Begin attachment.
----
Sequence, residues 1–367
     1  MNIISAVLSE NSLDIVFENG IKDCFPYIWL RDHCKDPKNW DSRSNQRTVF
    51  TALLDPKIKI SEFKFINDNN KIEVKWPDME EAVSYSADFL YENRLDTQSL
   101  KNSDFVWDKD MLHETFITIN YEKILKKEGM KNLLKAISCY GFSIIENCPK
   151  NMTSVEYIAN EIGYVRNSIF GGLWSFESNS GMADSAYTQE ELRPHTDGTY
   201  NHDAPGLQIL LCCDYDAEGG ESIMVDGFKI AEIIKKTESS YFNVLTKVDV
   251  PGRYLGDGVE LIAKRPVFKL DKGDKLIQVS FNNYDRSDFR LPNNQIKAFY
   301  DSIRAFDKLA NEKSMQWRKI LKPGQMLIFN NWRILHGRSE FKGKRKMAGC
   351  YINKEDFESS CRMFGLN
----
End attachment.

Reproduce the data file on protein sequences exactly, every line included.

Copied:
Sequence, residues 1–367
     1  MNIISAVLSE NSLDIVFENG IKDCFPYIWL RDHCKDPKNW DSRSNQRTVF
    51  TALLDPKIKI SEFKFINDNN KIEVKWPDME EAVSYSADFL YENRLDTQSL
   101  KNSDFVWDKD MLHETFITIN YEKILKKEGM KNLLKAISCY GFSIIENCPK
   151  NMTSVEYIAN EIGYVRNSIF GGLWSFESNS GMADSAYTQE ELRPHTDGTY
   201  NHDAPGLQIL LCCDYDAEGG ESIMVDGFKI AEIIKKTESS YFNVLTKVDV
   251  PGRYLGDGVE LIAKRPVFKL DKGDKLIQVS FNNYDRSDFR LPNNQIKAFY
   301  DSIRAFDKLA NEKSMQWRKI LKPGQMLIFN NWRILHGRSE FKGKRKMAGC
   351  YINKEDFESS CRMFGLN